By Tina Snell, Staff Writer
An “A” student at Little Falls Community High School (LFCHS), a volunteer at St. Gabriel’s Hospital and an advocate of Sensory Processing Disorder, Averi Hutton was named Miss Teen Morrison County.
Tall, slim and poised, Hutton, who lives in Randall, said all she did was apply.
“We saw the news item in the Record and mom said to try,” said Hutton. “So I filled out the application in October and I got the title.”
One drawback to retaining the title, Hutton needed to submit a $785 entry fee. But she has covered part of that through local sponsors.
She said there was not much to do between being named Miss Teen Morrison County and when the state competition is held March 8 in St. Cloud.
“I needed to buy clothing for the different competitions,” Hutton said. “I chose a pink, strapless, full-length dress for the elegant part of the competition. For the fun fashion, I bought a short, multi-colored dress with sparkles. Everyone wears the same for the fitness part of the competition and for my interview with the judges, I will wear a long, rather elegant dress.”
During the interview portion of the event, Hutton will talk to the judges about her platform: Sensory Processing Disorder (SPD) Awareness.
SPD is close to Hutton’s heart. Two of her nine siblings have the disease.
“It’s a common disorder,” she said. “One in 20 children are affected with the complex brain disorder.”
SPD affects the central nervous system. Hutton said that with SPD, when the brain receives sensory information, such as sight, touch, smell, etc., it turns it into a response that seems inappropriate.
“For example, when my brothers get a haircut, they think it hurts even though it doesn’t. It’s their brain tells them it hurts,” she said. “Tantrums can occur because they are over-stimulated or overwhelmed. It’s a flight or fight response.”
Sensory processing is a term which refers to how the nervous system receives messages and turns them into responses. With SPD, those responses are not suitable for the action; the messages are not interpreted properly.
“Occupational therapy helps, but the disorder cannot be cured,” Hutton said. “It helps to rewire the brain, but only if the therapy occurs before the age of 8. Up to then, the brain is more susceptible to being fixed.”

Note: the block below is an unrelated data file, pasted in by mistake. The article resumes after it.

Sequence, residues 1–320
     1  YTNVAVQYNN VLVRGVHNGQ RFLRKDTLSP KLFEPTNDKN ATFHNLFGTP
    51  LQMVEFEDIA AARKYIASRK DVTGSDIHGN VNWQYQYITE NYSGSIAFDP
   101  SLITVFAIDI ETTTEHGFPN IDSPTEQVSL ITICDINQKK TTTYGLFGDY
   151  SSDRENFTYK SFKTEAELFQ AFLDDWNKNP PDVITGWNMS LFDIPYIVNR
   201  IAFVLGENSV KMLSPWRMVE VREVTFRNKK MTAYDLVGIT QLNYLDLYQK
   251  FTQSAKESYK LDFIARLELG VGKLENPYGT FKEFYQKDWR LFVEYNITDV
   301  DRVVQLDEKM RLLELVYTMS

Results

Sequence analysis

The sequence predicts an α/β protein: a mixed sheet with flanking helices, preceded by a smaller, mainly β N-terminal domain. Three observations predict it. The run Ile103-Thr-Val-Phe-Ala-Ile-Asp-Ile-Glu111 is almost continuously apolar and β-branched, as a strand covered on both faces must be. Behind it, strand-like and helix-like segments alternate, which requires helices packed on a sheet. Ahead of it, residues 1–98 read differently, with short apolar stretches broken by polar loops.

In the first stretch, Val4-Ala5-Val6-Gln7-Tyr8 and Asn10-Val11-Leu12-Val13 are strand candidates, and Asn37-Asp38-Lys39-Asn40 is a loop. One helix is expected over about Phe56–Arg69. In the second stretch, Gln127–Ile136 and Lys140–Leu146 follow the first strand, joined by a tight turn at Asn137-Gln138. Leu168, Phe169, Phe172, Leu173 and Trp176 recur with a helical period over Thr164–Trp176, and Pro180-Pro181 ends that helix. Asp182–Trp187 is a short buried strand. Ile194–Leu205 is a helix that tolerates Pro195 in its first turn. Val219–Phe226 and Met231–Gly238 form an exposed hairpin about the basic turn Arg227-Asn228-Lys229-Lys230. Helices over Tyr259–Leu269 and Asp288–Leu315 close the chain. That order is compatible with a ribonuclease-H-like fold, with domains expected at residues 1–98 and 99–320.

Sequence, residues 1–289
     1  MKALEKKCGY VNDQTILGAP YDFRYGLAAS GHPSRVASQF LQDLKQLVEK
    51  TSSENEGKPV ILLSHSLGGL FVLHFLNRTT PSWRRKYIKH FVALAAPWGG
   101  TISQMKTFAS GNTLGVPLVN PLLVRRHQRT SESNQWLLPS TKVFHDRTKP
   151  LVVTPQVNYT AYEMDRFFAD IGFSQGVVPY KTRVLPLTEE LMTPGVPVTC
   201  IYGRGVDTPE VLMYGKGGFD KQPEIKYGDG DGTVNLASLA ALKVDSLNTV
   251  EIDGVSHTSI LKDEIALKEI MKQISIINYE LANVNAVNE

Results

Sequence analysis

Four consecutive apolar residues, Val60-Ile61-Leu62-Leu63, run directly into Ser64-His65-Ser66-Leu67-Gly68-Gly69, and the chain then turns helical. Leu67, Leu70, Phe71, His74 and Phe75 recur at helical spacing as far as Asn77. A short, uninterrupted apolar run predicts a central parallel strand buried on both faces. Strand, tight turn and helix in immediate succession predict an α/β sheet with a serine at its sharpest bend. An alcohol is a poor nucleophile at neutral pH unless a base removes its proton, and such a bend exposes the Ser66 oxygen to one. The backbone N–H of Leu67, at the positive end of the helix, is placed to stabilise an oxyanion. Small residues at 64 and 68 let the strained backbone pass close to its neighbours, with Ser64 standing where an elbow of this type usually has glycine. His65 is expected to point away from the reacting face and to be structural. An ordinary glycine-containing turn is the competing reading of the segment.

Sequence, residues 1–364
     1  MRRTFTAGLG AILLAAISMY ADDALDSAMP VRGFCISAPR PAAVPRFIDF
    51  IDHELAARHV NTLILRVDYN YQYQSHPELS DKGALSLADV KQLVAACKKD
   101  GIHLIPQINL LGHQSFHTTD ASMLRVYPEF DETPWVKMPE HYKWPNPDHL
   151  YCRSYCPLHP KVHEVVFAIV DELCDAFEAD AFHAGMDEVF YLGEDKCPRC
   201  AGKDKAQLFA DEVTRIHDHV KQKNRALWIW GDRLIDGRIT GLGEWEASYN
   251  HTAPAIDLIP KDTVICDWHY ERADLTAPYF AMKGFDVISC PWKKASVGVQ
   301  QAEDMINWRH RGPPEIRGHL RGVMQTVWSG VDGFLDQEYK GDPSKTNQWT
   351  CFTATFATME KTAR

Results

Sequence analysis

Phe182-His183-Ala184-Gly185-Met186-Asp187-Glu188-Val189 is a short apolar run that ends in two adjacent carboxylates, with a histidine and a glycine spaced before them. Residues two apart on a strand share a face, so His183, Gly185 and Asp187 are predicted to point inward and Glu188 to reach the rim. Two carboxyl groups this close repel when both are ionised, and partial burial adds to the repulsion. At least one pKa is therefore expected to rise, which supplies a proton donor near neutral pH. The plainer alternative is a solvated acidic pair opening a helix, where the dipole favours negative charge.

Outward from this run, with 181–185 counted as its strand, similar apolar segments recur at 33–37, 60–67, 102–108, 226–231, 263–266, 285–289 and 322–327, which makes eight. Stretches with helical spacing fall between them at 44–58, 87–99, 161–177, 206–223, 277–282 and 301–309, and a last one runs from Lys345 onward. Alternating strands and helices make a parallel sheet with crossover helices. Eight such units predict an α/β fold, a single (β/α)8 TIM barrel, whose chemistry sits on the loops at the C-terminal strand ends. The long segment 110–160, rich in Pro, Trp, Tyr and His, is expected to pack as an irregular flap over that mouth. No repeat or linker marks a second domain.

SPD is many times misdiagnosed as attention deficit hyper-activity disorder or autism, as the symptoms may be similar.
“My brothers, now 3 years old, were diagnosed when they were 1. They heard sounds differently than others,” Hutton said. “One over-responded to stimulus and the other under-responded.”
Hutton’s plan is to educate the judges on SPD.
Since being named Miss Teen Morrison County, Hutton has begun working the nonprofit SPD Foundation. She is planning a fundraiser to raise money for research and for families who need financial help with therapy.
If Hutton wins the Miss Teen Minnesota title, she will receive $10,000 for college expenses, various gift certificates, have professional photos taken and be able to work with a personal trainer. She will also get sponsorship to the International Pageant to be held in Florida in July.
Local entities sponsoring Hutton as of the publications of this article include the Randall Cushing Lions Club, Fleet Supply in Little Falls, Colby Orthodontics and Mike’s Tree Company in Brainerd, Gosch’s in Randall, the Canteen at Camp Ripley, friends and family.
At LFCHS, Hutton takes four college courses: anatomy, chemistry, precalculus, English and environmental biology. Her future plans include a degree in biochemistry: genetics and neuroscience, with an interest in research.
Hutton is involved in the Target Club at LFCHS where she is a role model and mentor for younger students. She also volunteers at St. Gabriel’s Hospital, spending time with patients and restocking equipment for the nurses.
To become a sponsor of Hutton, or for more information, contact her at aehu